Another option for heavy business travellers is the TD Business Travel Visa Card. Reward rates sit at 3 TD rewards points per dollar and 6 TD reward points per dollar on travel booked through TD over the phone. You can also get 3 more points each time if you book that same travel online for a total of 9 points per dollar. That gives you several ways to earn points at a much faster rate, and you should be taking advantage of that if at all possible. You’ll also get the same benefits package as the Aeroplan version offers, minus the Air Canada bonuses that are exclusive to that system. The 15 days of emergency travel medical insurance is still present, however, and that’s the main selling point. The costs of the two cards are also identical at $149 per year.
The last and most unusual of this line is the TD Venture Line of Credit Visa Card. This card offers a low TD Prime-based rate for business customers who need a little more time to pay off the balances they run up, and it also includes access to the Visa SavingsEdge program. These two things in combination make it a solid choice for reducing costs among businesses who anticipate the need to carry a balance on whatever card they choose, and the fact that it’s free doesn’t hurt either.
Other Credit Cards
There are two other TD credit cards to touch on before we’re through, and the first is the TD US Dollar Visa Card. This card allows you to avoid paying pricy foreign exchange fees when purchasing items in USD by simply using that currency instead. Not only can this allow you to save a fair amount of money, but you can also make use of some of the modest travel insurance it comes with on any cross-border trips you make. Trip interruption insurance and delayed or lost baggage insurance aren’t much compared to what some cards offer, but for the small $39 USD annual fee this one costs, that’s not a bad package.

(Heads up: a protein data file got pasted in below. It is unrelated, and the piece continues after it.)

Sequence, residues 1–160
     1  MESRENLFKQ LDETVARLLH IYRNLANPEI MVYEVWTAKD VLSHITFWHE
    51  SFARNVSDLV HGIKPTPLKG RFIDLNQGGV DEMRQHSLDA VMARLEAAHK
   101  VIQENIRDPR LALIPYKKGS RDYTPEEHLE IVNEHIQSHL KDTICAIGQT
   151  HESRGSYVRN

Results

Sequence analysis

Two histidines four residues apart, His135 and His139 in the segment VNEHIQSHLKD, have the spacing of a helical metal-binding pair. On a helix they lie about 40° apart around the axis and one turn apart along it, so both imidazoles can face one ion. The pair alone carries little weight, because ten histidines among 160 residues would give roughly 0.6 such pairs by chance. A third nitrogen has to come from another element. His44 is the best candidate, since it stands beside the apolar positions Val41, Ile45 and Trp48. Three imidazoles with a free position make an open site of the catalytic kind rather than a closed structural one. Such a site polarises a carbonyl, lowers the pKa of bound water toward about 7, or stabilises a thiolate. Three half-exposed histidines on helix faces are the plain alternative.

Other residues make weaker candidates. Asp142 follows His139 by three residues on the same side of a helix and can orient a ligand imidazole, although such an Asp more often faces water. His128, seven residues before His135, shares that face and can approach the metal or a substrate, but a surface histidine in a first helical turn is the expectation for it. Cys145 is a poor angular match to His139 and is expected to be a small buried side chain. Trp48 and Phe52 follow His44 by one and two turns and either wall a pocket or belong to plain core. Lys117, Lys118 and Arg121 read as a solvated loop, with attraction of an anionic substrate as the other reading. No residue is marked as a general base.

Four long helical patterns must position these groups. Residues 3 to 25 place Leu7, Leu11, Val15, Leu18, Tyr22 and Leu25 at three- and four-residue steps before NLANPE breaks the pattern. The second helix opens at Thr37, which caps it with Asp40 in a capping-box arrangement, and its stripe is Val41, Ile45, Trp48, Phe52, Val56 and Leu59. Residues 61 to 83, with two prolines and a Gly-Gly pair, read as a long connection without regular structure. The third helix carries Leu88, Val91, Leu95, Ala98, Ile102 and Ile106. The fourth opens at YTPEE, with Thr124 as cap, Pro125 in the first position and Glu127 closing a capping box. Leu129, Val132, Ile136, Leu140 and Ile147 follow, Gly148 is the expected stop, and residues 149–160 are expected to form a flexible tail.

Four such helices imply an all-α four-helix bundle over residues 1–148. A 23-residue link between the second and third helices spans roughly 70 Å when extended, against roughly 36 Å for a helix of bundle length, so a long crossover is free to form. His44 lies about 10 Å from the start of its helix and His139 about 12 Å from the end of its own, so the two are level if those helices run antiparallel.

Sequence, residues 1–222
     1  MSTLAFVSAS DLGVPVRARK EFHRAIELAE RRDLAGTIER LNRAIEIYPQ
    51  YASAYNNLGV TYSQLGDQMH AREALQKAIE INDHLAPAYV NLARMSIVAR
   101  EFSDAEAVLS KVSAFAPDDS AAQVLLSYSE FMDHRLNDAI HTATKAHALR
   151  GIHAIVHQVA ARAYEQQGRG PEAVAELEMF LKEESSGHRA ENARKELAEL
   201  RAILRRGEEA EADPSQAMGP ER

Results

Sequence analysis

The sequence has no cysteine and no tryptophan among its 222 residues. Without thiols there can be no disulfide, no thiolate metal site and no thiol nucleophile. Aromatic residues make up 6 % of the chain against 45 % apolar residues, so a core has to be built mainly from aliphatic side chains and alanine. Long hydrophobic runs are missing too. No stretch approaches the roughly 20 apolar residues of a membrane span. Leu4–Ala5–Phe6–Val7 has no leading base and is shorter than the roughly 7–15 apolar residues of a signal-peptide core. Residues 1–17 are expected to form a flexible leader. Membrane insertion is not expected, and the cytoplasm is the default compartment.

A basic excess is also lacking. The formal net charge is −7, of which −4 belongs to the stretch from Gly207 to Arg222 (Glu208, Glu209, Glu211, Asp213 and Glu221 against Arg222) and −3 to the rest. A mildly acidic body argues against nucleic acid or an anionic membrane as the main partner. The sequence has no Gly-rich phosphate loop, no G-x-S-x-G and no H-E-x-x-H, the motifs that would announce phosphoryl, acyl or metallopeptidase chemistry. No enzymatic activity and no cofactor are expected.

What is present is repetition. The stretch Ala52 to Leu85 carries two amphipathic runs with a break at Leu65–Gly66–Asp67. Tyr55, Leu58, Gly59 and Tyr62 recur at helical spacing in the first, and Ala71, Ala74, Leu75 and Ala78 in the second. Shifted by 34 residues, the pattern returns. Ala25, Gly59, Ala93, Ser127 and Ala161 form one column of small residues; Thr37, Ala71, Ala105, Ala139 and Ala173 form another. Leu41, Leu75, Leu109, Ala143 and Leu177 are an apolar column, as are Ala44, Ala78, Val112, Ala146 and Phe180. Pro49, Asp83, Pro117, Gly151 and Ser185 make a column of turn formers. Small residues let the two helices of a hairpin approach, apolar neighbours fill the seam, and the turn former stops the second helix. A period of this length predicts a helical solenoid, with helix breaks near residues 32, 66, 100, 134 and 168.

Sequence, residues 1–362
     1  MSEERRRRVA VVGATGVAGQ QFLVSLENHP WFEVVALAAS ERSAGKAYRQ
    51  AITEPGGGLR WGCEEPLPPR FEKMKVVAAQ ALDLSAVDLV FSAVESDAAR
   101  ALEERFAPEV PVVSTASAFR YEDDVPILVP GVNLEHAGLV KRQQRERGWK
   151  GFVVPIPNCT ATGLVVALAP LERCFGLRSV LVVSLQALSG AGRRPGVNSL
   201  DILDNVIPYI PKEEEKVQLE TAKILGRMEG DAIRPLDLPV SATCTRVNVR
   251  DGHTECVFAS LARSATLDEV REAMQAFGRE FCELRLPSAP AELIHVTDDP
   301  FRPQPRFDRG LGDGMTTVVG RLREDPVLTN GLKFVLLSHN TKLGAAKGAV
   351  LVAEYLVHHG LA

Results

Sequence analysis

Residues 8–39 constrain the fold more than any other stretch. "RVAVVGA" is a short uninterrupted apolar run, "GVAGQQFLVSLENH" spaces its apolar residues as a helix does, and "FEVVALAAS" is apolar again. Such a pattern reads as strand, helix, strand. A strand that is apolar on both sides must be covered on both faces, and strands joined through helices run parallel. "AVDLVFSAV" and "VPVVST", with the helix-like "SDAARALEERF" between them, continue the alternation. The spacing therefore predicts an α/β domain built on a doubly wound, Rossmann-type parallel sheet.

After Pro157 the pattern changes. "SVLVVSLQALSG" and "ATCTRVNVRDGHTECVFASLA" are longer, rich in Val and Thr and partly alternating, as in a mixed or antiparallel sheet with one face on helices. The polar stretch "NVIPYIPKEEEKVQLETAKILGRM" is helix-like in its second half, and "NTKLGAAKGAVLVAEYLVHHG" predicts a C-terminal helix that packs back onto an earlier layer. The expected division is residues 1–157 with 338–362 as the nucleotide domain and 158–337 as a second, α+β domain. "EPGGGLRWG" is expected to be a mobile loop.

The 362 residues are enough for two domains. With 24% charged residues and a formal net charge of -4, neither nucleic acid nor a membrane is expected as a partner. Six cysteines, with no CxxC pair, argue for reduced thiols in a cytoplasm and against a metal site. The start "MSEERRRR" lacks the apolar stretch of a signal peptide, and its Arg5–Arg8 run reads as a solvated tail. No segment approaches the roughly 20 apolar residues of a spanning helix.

The last option is the TD Emerald Flex Rate Visa Card, meant to give customers access to lower interest rates. Just like the Venture Line business card described above, this one also uses a TD Prime-based rate for its interest charges that varies based on the applicant’s credit – although in this case, the rate can’t drop quite as low as the business card’s rate can. All the same, you can easily shave off a few percentage points from the standard 19.99% interest rate you’ll pay elsewhere if you have moderately good credit, and for some, that will be worth the $25 annual fee.
TD Canada Trust, like many of the bigger credit card providers, prioritizes benefits over rewards in terms of value in pretty much all of their offerings. This is most useful in their hallmark travel cards, where the benefits have the potential to make every trip you take all year into a much more enjoyable experience. Their wide-ranging selection of travel cards even incorporates a middle option between the low-level and high-level cards, a strangely rare offering in the Canadian market.
What We Think
TD’s credit card line isn’t as high-value or multi-purpose as some other providers’ cards might be, but the travel card category specifically allows for a lot of choice on your part as a consumer. There are far worse deals out there, and it’s always nice to have a big-name provider behind you for customer service purposes. If you’re a travel card enthusiast, you’ll likely be happy with what this provider can give you.